Demand Planning Methodology in Supply Chain Management

Topics: Forecasting, Supply and demand, Planning Pages: 11 (2468 words) Published: April 20, 2011
A supply chain is the system of organizations, people, technology, activities, information and resources involved in moving a product or service from supplier to customer. In Supply Chain Demand planning is a critical business process that impacts Fast Moving Consumer Goods (FMCG) companies’ ability to manage their value chain business performance. Revenues, costs and asset utilization are all affected by the quality, timeliness and accuracy of demand planning. Cleaning History and Reason Code Analysis offer new solutions that can improve the demand planning process and yield business results. A demand planning methodology and few applications have been shown here. The potential of this Demand Planning Methodology is to improve the certainty of demand planning decision making of a FMCG company. This methodology helps to maintain less excess and shortage quantity over the supply chain. Hence save the value lost and improve the Supply Chain Efficiency. Keywords

Industrial Engineering, Supply Chain Management, Demand Planning Methodology, Winter Model, Forecasting. 1. Introduction
1.1. Variability of Demand:
Demands for any products changes rapidly from period to period, often due to predictable influence. These influences include seasonal factors that affect products, as well as non-seasonal factors (e.g. Promotional or product adoption rates) that may cause large, predictable increases and decline in sales. Predictable variability is change in demand that can be forecasted. Products that undergo this type of change in demand cause numerous problems in the supply chain, ranging from high levels of stockouts during peak demand periods to high levels of excess inventory during periods of low demand. These problems increase the costs and decrease the responsiveness of the supply chain. Supply and demand management have the greatest impact when it is applied to predictably variable products. Supply chain can influence demand by using pricing and other forms of promotion. 2. Demand Planning Methodology

2.1. Demand Planning activities:
· Changing Base Demand Forecast
· Adding Impactors.
How can we measure the variability today:
Data Evolution Report:
This report gives a week to week view change of the plan, also broad view of supply key figures changes. This report need to be extracted to be analysed on a more aggregated level. These may be · SKU (Stock Keeping Unit)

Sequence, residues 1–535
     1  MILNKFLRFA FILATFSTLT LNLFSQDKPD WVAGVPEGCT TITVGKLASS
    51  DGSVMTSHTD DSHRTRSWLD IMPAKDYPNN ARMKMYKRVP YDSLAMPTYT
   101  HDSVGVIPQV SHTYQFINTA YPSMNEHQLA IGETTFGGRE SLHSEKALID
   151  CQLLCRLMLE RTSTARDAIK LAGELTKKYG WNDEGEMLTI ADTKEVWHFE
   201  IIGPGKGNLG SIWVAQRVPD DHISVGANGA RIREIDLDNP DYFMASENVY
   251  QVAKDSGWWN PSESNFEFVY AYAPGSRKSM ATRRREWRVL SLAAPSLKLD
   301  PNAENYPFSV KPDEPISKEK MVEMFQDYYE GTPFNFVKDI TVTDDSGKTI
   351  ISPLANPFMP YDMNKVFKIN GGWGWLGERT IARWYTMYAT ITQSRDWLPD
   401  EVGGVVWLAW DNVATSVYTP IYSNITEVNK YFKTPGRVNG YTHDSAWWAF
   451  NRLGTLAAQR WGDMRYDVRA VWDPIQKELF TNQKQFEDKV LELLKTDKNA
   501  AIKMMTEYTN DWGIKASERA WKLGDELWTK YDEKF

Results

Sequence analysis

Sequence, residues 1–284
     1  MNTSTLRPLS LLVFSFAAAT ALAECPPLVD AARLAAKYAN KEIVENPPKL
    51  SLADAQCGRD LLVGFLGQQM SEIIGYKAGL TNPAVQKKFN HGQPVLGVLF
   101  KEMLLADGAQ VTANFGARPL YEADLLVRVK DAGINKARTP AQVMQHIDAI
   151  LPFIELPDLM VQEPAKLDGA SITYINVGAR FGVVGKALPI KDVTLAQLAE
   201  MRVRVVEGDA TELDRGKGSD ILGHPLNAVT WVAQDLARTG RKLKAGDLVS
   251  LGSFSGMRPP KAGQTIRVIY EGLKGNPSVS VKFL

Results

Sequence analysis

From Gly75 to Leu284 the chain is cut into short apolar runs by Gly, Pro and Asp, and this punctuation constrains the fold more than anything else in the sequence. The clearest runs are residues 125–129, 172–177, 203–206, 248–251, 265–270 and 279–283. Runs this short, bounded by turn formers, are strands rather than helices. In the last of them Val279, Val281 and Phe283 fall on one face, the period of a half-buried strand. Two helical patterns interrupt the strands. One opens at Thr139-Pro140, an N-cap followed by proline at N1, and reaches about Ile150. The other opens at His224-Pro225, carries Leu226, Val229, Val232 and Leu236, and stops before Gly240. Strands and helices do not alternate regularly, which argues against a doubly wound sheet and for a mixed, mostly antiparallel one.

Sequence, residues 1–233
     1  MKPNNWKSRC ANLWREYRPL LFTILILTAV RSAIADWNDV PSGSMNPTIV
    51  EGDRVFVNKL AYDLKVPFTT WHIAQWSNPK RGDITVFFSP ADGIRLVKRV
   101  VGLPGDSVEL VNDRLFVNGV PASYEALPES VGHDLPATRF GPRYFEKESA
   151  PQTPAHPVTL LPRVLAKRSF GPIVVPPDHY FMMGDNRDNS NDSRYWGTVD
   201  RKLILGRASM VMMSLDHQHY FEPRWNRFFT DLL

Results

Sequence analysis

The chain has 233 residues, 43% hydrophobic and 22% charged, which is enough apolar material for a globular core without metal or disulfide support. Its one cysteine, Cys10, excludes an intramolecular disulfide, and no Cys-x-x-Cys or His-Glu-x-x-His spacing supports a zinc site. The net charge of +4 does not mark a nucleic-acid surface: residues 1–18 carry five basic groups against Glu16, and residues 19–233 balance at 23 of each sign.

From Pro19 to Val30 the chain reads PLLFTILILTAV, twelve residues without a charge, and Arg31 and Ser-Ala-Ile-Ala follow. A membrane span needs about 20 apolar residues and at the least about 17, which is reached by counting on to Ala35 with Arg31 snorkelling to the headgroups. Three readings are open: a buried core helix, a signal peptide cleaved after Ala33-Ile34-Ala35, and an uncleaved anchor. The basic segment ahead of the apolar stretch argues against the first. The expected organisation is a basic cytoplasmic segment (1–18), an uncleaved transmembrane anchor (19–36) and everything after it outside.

· Brand/Range
· Factory line
Sultana, Rahman
2.2. Cleaning History: Creating Base-line Demand
The Demand Planning process is based on the concept that the final Consensus Plan consists of two components: 1. Baseline or Base Demand
2. Activities and Circumstances
The baseline Demand is the expected volume of a product if it is not promoted and no exceptional circumstances influence sales.
Activities are generated internally through Marketing and Sales and are related to TTS (Total Trend Spend) or PFME (Product Fixed Marketing Expenses).
Circumstances are internal or external and include stock outs, cannibalization, listing – delisting, competitor activity, unusual weather conditions, etc.
The possible reasons for a FMCG company to push markets to adopt this fundamental concept are: · a better control on the efficiency of promotions and the related spends · to improve the Demand Plan Accuracy (DPA)

This concept will allow the use of statistical forecast methods to forecast the baseline. 2.2.1: General Aspects on Cleaning History
The Cleaned Base History (CBH) is used for statistical forecasting: The output of the cleaning process is the Cleaned Base History. These numbers are the single input for the Statistical Forecasting process. The process of cleaning is a mandatory step before applying Statistical Forecast methods. Cleaning is linked to how we forecast:

Considering that cleaning is mainly carried out for the purpose of Statistical Forecasting, the process needs to be closely linked to the Statistical Forecasting process. E.g., a statistical...
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